The term “projection system” used herein should be broadly interpreted as encompassing any type of projection system, including refractive, reflective, catadioptric, magnetic, electromagnetic and electrostatic optical systems, or any combination thereof, as appropriate for the exposure radiation being used, or for other factors such as the use of an immersion liquid or the use of a vacuum. Any use of the term “projection lens” herein may be considered as synonymous with the more general term “projection system”.

As here depicted, the apparatus is of a transmissive type (e.g. employing a transmissive mask). Alternatively, the apparatus may be of a reflective type (e.g. employing a programmable mirror array of a type as referred to above, or employing a reflective mask).

The lithographic apparatus may be of a type having two (dual stage) or more substrate tables or “substrate supports” (and/or two or more mask tables or “mask supports”). In such “multiple stage”, machines the additional tables or supports may be used in parallel, or preparatory steps may be carried out on one or more tables or supports while one or more other tables or supports are being used for exposure.

The lithographic apparatus may also be of a type wherein at least a portion of the substrate may be covered by a liquid having a relatively high refractive index, e.g. water, so as to fill a space between the projection system and the substrate. An immersion liquid may also be applied to other spaces in the lithographic apparatus, for example, between the mask and the projection system. Immersion techniques can be used to increase the numerical aperture of projection systems. The term “immersion” as used herein does not mean that a structure, such as a substrate, must be submerged in liquid, but rather only means that a liquid is located between the projection system and the substrate during exposure.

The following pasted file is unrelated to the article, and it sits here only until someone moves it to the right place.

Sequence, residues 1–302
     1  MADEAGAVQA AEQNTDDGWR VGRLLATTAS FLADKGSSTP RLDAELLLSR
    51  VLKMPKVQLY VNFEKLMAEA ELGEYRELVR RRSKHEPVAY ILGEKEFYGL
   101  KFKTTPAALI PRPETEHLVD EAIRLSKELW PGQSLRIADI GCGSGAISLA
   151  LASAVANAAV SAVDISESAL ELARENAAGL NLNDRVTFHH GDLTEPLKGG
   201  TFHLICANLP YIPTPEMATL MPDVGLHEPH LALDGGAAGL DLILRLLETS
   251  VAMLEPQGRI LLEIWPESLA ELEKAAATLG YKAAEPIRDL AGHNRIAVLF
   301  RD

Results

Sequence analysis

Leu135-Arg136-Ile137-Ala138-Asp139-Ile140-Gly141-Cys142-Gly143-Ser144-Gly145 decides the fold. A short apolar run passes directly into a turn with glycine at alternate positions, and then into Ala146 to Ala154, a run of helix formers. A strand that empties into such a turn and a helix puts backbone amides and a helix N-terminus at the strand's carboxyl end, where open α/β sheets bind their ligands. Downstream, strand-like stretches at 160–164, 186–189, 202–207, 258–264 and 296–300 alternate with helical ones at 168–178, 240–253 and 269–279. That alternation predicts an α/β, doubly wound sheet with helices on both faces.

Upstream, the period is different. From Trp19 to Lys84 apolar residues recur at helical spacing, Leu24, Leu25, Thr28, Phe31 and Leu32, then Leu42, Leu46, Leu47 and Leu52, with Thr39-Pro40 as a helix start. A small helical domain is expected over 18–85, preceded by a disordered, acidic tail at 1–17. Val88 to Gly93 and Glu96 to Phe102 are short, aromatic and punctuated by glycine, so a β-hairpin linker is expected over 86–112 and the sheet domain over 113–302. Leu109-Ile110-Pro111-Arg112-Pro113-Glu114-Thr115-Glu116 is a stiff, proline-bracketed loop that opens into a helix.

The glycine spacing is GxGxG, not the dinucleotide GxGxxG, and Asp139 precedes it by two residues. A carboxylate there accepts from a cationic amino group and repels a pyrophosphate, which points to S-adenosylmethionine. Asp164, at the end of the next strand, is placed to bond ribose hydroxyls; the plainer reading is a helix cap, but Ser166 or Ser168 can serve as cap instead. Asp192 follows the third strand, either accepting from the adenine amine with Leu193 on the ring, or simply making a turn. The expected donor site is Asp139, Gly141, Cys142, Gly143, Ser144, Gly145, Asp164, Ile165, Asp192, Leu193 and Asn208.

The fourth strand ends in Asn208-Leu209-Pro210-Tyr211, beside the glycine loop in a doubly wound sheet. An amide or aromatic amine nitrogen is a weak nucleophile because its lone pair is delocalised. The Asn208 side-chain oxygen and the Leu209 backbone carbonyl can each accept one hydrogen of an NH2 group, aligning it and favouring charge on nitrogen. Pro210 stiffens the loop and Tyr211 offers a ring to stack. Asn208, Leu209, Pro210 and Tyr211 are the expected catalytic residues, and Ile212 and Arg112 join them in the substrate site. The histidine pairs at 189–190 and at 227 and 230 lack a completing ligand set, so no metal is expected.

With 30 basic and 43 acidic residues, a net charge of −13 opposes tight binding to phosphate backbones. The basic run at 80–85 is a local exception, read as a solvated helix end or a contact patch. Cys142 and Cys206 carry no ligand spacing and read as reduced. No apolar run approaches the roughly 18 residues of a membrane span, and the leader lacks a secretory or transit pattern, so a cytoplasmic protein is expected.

Referring to FIG. 1, the illuminator IL receives a radiation beam from a radiation source SO. The source and the lithographic apparatus may be separate entities, for example when the source is an excimer laser. In such cases, the source is not considered to form part of the lithographic apparatus and the radiation beam is passed from the source SO to the illuminator IL with the aid of a beam delivery system BD including, for example, suitable directing mirrors and/or a beam expander. In other cases the source may be an integral part of the lithographic apparatus, for example when the source is a mercury lamp. The source SO and the illuminator IL, together with the beam delivery system BD if required, may be referred to as a radiation system.

The illuminator IL may include an adjuster AD configured to adjust the angular intensity distribution of the radiation beam. Generally, at least the outer and/or inner radial extent (commonly referred to as σ-outer and (σ-inner, respectively) of the intensity distribution in a pupil plane of the illuminator can be adjusted. In addition, the illuminator IL may include various other components, such as an integrator IN and a condenser CO. The illuminator may be used to condition the radiation beam, to have a desired uniformity and intensity distribution in its cross-section.